Water damage – and secondarily, mold – can come from sources other than floods. Your home is full of potential leak sources such as water pipes, water heaters, and washing machines as well as less obvious hazards like inadequate ventilation and improperly aimed downspouts.
The good news is, you can stop most problems before they start with regular maintenance.
Mold and health risks
In rare cases, mold can be toxic. But typically, mold is an allergen and an irritant. The dosage is what makes it toxic (even table salt is toxic in high enough levels).
Currently, there aren’t widely recognized medical standards that define “safe” and “unsafe” levels of mold. Nor is there evidence that mold is more toxic now than at any time in history. What is known is that mold can damage your home – and mold growth can be prevented. It’s a maintenance issue stemming from excess moisture.
Where mold comes from
Mold spores are microscopic living organisms that live virtually everywhere in our environment. They depend on moisture to survive. Some mold is actually critical to the ecosystem, while other mold is harmful to health and property.
We didn’t hear much about mold problems 20 years ago. Back then, homes weren’t built as “tight” to maintain energy efficiency, and unwanted moisture had more of a chance to escape through the attic and walls.
Preventing water damage, controlling mold
Mold can be prevented or controlled if you stop water leaks immediately and eliminate dampness and humidity within 48 hours. The Environmental Protection Agency names moisture control as the key to mold control. Here’s what you can do:
Look for leaks The moment you notice a water problem (like a leaky water heater or a drip under the sink), mop up the water and repair the leak immediately.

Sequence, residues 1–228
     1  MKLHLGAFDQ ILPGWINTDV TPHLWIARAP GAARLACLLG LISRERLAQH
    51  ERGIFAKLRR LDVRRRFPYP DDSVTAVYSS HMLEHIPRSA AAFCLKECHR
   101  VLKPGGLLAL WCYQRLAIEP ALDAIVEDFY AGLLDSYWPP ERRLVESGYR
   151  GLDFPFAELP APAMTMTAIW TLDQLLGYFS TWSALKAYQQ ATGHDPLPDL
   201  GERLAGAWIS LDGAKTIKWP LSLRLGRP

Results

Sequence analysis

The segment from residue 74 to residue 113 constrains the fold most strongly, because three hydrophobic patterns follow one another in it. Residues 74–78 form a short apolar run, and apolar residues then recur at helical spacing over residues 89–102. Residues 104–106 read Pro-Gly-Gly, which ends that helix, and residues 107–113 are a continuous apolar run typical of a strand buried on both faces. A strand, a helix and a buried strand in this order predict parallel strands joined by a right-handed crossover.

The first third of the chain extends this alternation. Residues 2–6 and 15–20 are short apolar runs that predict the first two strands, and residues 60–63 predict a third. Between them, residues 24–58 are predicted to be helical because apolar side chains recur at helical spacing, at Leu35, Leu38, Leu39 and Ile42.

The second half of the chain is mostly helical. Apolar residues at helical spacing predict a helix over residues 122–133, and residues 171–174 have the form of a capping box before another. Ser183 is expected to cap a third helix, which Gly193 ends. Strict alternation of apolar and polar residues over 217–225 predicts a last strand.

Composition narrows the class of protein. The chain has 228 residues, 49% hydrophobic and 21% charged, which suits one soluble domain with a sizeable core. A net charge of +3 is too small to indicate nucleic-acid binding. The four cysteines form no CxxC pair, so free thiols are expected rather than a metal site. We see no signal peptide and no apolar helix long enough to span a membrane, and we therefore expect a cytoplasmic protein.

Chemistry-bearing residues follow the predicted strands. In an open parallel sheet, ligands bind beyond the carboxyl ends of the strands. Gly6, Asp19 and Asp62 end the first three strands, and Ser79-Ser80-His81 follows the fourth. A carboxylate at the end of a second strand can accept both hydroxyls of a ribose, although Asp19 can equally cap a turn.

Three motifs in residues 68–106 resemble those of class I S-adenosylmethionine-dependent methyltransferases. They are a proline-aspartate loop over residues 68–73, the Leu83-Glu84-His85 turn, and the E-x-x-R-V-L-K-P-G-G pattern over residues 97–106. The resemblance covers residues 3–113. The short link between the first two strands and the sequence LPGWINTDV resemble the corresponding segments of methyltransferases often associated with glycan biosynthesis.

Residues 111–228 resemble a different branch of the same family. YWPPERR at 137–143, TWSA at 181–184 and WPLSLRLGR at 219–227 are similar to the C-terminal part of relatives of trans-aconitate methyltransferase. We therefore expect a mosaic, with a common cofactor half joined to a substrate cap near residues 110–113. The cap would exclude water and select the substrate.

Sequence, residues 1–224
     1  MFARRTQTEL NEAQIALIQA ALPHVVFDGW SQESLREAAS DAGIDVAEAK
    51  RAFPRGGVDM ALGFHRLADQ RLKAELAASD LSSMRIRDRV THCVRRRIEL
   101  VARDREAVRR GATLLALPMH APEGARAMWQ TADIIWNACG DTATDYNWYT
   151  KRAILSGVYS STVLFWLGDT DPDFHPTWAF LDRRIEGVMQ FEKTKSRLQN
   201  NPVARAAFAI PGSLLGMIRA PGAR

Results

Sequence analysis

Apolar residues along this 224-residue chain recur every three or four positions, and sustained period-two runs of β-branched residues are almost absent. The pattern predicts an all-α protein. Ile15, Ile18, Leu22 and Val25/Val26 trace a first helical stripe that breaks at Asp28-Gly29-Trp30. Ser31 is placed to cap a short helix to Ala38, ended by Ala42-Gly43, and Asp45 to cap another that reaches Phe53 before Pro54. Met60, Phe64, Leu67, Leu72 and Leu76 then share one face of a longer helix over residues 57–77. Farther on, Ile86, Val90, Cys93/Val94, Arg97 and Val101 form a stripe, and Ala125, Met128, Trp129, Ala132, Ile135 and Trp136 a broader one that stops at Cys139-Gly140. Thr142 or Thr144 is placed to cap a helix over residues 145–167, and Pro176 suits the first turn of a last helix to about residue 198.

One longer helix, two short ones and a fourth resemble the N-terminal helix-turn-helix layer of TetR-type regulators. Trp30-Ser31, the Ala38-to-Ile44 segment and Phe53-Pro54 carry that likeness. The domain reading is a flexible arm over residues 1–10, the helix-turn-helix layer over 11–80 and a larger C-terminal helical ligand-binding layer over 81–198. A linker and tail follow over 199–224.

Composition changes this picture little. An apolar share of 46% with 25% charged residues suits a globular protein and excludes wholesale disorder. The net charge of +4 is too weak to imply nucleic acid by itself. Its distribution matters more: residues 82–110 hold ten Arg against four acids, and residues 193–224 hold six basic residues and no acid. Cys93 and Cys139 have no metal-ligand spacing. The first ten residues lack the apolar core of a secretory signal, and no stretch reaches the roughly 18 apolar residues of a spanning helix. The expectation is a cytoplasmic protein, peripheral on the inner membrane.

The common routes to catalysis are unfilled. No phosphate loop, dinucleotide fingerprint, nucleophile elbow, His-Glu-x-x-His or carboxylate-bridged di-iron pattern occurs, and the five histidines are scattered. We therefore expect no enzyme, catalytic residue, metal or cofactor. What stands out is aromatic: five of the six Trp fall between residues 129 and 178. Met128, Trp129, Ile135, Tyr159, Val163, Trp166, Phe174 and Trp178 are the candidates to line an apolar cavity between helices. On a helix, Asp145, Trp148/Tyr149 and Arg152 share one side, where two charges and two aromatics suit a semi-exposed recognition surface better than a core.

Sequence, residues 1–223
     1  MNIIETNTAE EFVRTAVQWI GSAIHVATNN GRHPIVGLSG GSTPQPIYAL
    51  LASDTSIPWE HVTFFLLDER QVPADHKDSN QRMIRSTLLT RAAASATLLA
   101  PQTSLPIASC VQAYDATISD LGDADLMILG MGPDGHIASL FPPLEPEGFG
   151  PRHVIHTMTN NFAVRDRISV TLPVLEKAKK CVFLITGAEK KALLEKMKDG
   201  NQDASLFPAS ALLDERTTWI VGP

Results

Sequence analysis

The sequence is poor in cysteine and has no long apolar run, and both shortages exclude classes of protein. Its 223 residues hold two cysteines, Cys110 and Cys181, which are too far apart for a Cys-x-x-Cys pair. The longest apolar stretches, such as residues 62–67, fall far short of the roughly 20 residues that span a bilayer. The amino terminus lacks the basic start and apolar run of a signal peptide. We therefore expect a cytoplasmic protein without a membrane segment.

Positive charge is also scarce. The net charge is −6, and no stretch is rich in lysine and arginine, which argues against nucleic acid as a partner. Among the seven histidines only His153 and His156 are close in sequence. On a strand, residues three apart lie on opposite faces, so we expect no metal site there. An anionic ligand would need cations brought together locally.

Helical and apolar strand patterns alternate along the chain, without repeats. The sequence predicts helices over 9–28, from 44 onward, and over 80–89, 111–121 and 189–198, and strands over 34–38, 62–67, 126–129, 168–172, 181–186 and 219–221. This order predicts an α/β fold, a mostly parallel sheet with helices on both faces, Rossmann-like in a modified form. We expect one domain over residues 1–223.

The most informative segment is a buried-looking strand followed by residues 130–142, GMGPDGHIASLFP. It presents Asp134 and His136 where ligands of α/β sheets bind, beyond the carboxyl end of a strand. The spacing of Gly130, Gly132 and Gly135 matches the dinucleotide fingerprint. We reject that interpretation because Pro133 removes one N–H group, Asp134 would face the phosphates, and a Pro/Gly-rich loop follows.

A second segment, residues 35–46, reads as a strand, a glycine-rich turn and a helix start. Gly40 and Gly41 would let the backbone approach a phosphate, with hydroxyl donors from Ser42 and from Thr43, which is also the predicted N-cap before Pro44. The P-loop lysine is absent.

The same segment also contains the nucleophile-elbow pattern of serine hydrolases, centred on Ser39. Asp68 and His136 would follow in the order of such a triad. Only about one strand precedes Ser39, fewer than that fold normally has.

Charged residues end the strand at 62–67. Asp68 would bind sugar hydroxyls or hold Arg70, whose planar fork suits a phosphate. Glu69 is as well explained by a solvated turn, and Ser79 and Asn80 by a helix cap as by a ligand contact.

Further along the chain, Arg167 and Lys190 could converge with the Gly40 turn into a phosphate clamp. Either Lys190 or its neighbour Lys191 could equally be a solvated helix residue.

In bathrooms Check around pipes occasionally for leaks and, if your toilet seems to be running more than normal, investigate the problem and repair it before it causes damage. Most leaks are easily fixed, and you can do many repairs yourself. Otherwise, call a plumber to help you spot the problem and correct it before it worsens.
In kitchens Dishwasher hoses and automatic ice-maker lines often develop leaks. Check your dishwasher lines (they are usually connected to the plumbing under the kitchen sink) for signs of brittleness or leakage. Placing a plastic tub under the kitchen sink will make it easier to spot leaks before damage occurs. If you move your refrigerator to clean, be careful not to overextend or pinch the ice-maker line. If you see signs of brittleness or moisture, call a qualified repair technician.
In the utility room Older water heaters can leak and flood your home, causing major damage without warning. If it happens while you’re away, you face an even larger problem, particularly if your structure stays wet for any length of time. Hardwood floors are especially vulnerable to water damage. Consider replacing your water heater if it’s more than 10 years old.
Worn out washing machine hoses cause more than $100 million in damage each year in the United States. When they burst, water gushes quickly into your home in surprising volumes. Hoses usually provide hints there’s a problem before it’s too late. Check them for cracks or leaks. Periodically check the floor under the hoses for moisture after you do a load of laundry.
To be safe, install new washing machine hoses every five years. We suggest you purchase a quality high-pressure hose. They’re available at most home improvement centers for $5 to $10.
On the roof After a windstorm, check your roof for damage. Missing tiles or shakes can let water in.
Let your house breathe To avoid trapping moisture in your home:
- Never block the foundation vents under your home.
- Don’t allow attic insulation to plug eave and roof vents.
- Aim gutters and downspouts away from your home.
- Keep shower enclosures well-caulked and tile grout thoroughly sealed.
- Make sure range hoods, dryers, and bathroom exhaust fans vent outside (not in your attic or garage).
- Turn on your stove’s exhaust fan when cooking or canning. Run the bathroom fan or crack a window during showers to let steam escape.